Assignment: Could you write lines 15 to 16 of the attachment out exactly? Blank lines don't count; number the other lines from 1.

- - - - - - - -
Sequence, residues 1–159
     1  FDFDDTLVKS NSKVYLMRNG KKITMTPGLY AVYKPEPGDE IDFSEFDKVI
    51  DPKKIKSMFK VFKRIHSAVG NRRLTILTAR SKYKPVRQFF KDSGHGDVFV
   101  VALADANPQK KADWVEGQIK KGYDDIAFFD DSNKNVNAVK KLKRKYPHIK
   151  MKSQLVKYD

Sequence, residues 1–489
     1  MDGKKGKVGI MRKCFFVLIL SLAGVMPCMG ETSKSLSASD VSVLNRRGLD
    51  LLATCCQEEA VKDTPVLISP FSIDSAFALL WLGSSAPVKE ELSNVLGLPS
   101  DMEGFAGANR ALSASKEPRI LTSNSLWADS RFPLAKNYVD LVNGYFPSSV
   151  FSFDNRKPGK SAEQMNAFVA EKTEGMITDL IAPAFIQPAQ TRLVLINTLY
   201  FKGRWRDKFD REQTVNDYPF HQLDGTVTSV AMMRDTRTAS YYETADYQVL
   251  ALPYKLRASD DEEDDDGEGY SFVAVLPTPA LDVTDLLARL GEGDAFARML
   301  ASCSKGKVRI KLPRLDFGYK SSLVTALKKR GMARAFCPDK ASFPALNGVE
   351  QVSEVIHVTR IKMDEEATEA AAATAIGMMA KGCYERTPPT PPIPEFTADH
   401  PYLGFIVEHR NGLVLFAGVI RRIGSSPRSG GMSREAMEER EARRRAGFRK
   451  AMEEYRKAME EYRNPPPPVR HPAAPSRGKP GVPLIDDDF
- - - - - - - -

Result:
   401  PYLGFIVEHR NGLVLFAGVI RRIGSSPRSG GMSREAMEER EARRRAGFRK
   451  AMEEYRKAME EYRNPPPPVR HPAAPSRGKP GVPLIDDDF